• Actually they DO ship with them, but usually only with the "retail box" versions. The OEM versions are just a chip usually, but almost all the blue box retails have the chip in a plastic holder sitting on top of a fan. Personally I've never needed a third-party fan, but I also don't overclock my CPUs.
      • by kriston ( 7886 )

        What? Read my comment again. I am blaming them for having such high pressures.

        And you're wrong about Intel not shipping with stock coolers. I have bought several dozen Intel CPUs in the past five years and each has an Intel-branded cooling solution shipped with it.

        Not sure why you aren't aware of these things.

    • Re: (Score:2, Informative)

      I have to wonder why such high pressure is necessary. With appropriately flat and smooth surfaces on the chip and the heatsink, and a properly thin and even layer of thermal paste, it shouldn't be necessary to apply much more pressure than that required to hold it all in place.

      • by bluefoxlucid ( 723572 ) on Friday December 04, 2015 @03:42PM (#51058763) Journal

        Likely they're intentionally trying to deform the surface to fit, and to compress and thin the thermal paste.

        You want a thin, fully-contacted surface to maximize thermal transfer. Intel likely made the substrate thinner to increase thermal transfer: 1 inch of highly-thermally-conductive silver is a better insulator than 1 micrometer of highly-thermally-conductive silver (hell, a mile of silver wire is a better electrical resistor than a layer of silver foil stuffed between two terminals). Silicone substrate isn't particularly thermally conductive, and thick silicone substrate is even less so.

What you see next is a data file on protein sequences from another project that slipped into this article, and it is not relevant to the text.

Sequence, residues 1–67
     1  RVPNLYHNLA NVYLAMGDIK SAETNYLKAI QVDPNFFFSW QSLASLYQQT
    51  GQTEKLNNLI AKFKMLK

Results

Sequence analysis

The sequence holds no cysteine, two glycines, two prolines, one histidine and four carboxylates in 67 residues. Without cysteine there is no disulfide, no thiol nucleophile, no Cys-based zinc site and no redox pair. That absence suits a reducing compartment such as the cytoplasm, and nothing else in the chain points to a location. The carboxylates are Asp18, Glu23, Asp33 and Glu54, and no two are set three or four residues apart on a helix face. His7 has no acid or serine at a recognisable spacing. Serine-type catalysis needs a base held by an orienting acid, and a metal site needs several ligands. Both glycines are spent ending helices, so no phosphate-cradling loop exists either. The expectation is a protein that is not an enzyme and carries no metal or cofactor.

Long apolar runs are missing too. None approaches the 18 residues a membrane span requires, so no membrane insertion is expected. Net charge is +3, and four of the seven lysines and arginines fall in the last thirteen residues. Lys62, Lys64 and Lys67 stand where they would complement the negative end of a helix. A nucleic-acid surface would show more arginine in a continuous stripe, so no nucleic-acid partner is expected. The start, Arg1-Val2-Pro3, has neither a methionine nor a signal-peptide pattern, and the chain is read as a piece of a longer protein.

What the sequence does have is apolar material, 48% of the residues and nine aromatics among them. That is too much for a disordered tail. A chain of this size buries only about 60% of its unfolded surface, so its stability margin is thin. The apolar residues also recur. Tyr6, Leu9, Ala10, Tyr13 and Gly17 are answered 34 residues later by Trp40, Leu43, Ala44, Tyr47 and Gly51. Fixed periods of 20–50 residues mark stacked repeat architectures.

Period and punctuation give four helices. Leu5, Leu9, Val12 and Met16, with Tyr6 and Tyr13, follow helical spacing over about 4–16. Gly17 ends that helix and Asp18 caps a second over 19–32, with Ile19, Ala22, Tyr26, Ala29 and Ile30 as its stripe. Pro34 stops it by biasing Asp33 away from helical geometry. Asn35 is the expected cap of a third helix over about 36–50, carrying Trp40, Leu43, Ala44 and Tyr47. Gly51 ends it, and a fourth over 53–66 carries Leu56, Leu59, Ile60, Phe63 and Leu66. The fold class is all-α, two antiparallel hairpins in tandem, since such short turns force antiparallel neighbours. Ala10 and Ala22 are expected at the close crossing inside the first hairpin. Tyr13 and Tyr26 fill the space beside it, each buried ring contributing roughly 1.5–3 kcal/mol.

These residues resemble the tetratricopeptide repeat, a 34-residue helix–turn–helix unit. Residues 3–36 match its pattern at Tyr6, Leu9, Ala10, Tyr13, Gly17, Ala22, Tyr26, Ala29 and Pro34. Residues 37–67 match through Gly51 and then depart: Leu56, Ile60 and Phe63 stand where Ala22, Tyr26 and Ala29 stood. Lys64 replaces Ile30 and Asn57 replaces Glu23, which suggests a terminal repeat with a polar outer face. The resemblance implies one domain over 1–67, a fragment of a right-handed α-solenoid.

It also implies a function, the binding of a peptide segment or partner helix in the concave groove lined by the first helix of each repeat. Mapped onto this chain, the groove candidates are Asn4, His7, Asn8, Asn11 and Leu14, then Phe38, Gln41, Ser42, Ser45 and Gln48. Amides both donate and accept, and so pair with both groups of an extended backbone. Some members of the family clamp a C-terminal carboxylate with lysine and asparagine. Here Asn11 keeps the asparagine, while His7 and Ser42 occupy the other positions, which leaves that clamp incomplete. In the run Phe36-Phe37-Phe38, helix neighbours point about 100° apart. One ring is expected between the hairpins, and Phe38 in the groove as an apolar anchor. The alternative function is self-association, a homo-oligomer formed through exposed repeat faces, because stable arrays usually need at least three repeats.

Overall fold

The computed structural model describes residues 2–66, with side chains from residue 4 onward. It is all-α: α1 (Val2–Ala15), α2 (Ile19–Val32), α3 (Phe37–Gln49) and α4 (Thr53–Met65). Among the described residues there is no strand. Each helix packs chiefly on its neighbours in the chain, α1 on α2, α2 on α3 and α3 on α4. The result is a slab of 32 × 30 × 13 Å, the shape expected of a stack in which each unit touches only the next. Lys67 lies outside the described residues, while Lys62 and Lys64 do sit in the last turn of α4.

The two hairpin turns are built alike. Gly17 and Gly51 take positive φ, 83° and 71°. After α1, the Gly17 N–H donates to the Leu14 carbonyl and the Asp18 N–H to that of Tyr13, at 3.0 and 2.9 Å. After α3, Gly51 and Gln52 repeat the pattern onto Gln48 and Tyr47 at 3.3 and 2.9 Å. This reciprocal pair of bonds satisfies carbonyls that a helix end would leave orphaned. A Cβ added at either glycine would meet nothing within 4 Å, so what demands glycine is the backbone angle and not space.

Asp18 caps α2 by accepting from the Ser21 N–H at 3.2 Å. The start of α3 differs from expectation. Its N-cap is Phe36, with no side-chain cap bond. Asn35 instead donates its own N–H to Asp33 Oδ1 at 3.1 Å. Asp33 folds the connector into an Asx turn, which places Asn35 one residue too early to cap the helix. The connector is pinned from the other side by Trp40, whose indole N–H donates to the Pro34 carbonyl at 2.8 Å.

Because the CPU surface isn't perfectly flat but *is* flexible, pressure will help conform it to the (also not perfectly flat) heat sink surface. This squeezes some of the thermal paste away, and compresses out voids to increase contact surface area. If you assume more is better, you'll naturally conclude that crushing the CPU into dust will give you better contact.

        If Intel puts out a specification saying 50psi is rated contact pressure for correct heat sink function, you might decide to put 90psi on it. It works. You ship that, Intel releases a CPU that can handle 70psi instead of 140psi, they don't bother telling anyone because the CPU's spec is still 50psi, and shit starts breaking.